Refuse collection vehicles are one of the potential odour sources. To improve the cleanliness of these vehicles leaving the landfill, the EPD has upgraded the existing wheel washing facility into a full-body vehicle washing facility to ensure that the entire body of every refuse collection vehicle is washed before leaving the landfill to minimise the odour nuisance caused by such vehicles. To mitigate the potential odour problem caused by dripping leachate from refuse collection vehicles, the EPD will continue to step up the cleansing work for the section of Wan Po Road between the SENT Landfill and the roundabout at Hang Hau and review the effectiveness of this measure regularly.

(b) Between 2009 and 2011, the EPD received three odour emission complaints and seven dust emission cases against vehicles passing Wan Po Road.

(c) The traffic accident database does not have a separate category for dump trucks in its vehicle records. We have been informed that there were about 10 traffic accidents on Wan Po Road per year involving medium and heavy goods vehicles in the past three years, but there is no information on whether the accidents were related to conveying fill debris.

(d) The database on prosecution does not have a separate category for dump trucks in its vehicle records. As for vehicles entering the SENT Landfill, the EPD will remind the trade to cover properly the construction waste during conveyance to prevent dust emission or materials from falling off on the road at its regular meetings with the trade and through distribution of leaflets at the landfill.

(e) In response to the concerns from the Sai Kung District Council and residents, the EPD closely monitors and takes follow-up actions on the environmental problems in Tseung Kwan O including individual issues of concern such as odour. For example, electronic odour detection systems (i.e. electronic nose) were installed at Ocean Shores and SENT Landfill to help identify the nature and source of odour. For odour complaint cases, the EPD will promptly investigate and follow up. For instance, it will understand the odour situation at complaint location, identify the odour source and provide timely assistance. The EPD even extends the work shift of its staff to 11pm to handle odour complaints received outside office hours for the period between June and October when there are more odour complaints.

In addition, the Sai Kung District Officer has established an inter-departmental working group comprising representatives from the Sai Kung District Office, EPD, Hong Kong Police Force, Transport Department, Civil Engineering and Development Department, Food and Environmental Hygiene Department, Drainage Services Department, Sai Kung District Lands Office and Highways Department, to strengthen the co-ordination of investigation and follow-up actions among government departments to tackle environmental nuisances in Tseung Kwan O, including Wan Po Road. Since its establishment in 2005, the Group has held many meetings, implemented improvement measures at Wan Po Road and its vicinity, and conducted joint enforcement and prosecution operations.
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Old March 6th, 2012, 11:24 AM   #44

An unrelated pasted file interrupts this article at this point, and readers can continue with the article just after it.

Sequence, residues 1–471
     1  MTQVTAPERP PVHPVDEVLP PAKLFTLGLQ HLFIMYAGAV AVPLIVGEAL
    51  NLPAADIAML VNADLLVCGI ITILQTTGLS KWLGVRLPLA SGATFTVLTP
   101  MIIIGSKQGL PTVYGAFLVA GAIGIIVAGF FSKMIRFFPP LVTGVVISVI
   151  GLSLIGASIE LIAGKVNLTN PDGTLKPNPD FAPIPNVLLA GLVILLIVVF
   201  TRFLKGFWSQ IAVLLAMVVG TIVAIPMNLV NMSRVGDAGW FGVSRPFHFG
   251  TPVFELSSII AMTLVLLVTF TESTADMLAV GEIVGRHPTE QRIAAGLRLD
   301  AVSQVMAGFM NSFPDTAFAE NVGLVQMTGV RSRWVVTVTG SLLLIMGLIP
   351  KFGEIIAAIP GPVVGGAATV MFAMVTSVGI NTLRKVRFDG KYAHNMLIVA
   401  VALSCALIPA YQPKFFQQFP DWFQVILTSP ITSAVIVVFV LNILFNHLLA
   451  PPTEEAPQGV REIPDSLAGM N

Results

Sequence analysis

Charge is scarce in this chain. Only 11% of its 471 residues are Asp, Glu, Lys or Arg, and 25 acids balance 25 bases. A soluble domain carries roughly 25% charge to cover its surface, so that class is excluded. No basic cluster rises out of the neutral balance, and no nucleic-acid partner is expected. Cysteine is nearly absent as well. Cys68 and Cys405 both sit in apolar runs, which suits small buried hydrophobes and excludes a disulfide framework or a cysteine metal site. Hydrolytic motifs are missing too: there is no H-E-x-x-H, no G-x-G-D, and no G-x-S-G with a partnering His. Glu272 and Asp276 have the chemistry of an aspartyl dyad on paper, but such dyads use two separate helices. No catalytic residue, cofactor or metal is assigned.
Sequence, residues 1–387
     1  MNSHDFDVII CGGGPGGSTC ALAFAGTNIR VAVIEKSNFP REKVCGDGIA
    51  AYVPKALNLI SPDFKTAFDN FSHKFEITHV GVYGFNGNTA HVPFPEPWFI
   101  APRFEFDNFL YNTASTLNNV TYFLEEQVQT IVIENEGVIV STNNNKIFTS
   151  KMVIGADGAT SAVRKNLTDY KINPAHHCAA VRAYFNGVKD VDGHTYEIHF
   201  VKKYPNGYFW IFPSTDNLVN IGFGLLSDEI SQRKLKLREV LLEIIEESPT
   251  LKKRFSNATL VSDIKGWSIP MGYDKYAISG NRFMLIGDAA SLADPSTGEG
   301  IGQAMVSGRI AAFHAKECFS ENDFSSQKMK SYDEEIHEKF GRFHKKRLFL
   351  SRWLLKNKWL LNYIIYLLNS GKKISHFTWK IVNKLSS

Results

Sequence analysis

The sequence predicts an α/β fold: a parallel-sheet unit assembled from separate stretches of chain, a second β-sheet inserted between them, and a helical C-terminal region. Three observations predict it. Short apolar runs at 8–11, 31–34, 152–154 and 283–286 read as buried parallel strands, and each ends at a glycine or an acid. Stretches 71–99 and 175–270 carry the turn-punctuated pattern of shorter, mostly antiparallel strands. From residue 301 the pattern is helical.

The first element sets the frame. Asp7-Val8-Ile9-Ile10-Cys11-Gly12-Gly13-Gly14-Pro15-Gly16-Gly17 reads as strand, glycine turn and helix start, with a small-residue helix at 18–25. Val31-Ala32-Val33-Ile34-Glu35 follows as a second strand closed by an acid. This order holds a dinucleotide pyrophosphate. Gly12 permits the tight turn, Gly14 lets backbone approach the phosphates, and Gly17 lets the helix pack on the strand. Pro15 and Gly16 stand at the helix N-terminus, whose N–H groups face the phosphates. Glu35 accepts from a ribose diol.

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Yau rubbishes fears on incinerator policy
The Standard
Tuesday, March 06, 2012

Building a new incinerator is an essential part of the government's strategy for solid waste management, a senior official said.

Secretary for the Environment Edward Yau Tang-wah was addressing legislators' concerns yesterday that the government might abandon the incinerator plan if chief executive candidate Leung Chun-ying wins on March 25.

Civic Party lawmaker Audrey Eu Yuet-mee noted at a special Finance Committee meeting scrutinizing the 2012 budget that Leung's election platform states that the SAR may do without incinerators. His rivals Henry Tang Ying-yen and Albert Ho Chun-yan thought otherwise, she said.

Yau insisted that the government will stick with the "holistic" strategy for solid waste reduction that includes an incinerator.

"Experience in Europe and other developed cities shows that, even with the implementation of various measures on waste reduction at source, there is still a substantial amount of waste that cannot be recovered which requires treatment," he said.

"In the context of Hong Kong, even if the target recovery rate of 55 percent is achieved, there will still be about 8,000 tonnes of [municipal solid waste] that cannot be recovered or recycled and which requires treatment on a daily basis," he added. This is why an incinerator is essential.

"We are developing a sludge treatment facility which employs state-of-the-art incineration technology," Yau said. "It is expected to be commissioned in 2013. By then, daily disposal of sludge at landfills will be reduced by nearly 1,000 tonnes.

" It will also demonstrate how modern technology can serve as an effective means in tackling the problem of [municipal solid waste]."

There are plans to increase the plant's capacity from 800 tonnes to 2,000 tonnes of waste a day.
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Old March 28th, 2012, 06:11 PM   #45
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Cut incinerator plan, urge waste fighters
The Standard
Tuesday, March 27, 2012

Concern groups say the need to build an incinerator may be eliminated if the government makes a greater effort at reducing and recycling waste.

Several environmental experts, green activists, resident committee members and those in trade associations yesterday met the panel of environmental affairs to air their views on the three-pronged "Reduce, Recycle and Proper Waste Management" plan.

It emphasizes the reduction of waste at source, the timely extension of landfills and incineration.

But activists say there is no need for the incinerator if the government gets citizens to reduce and recycle waste.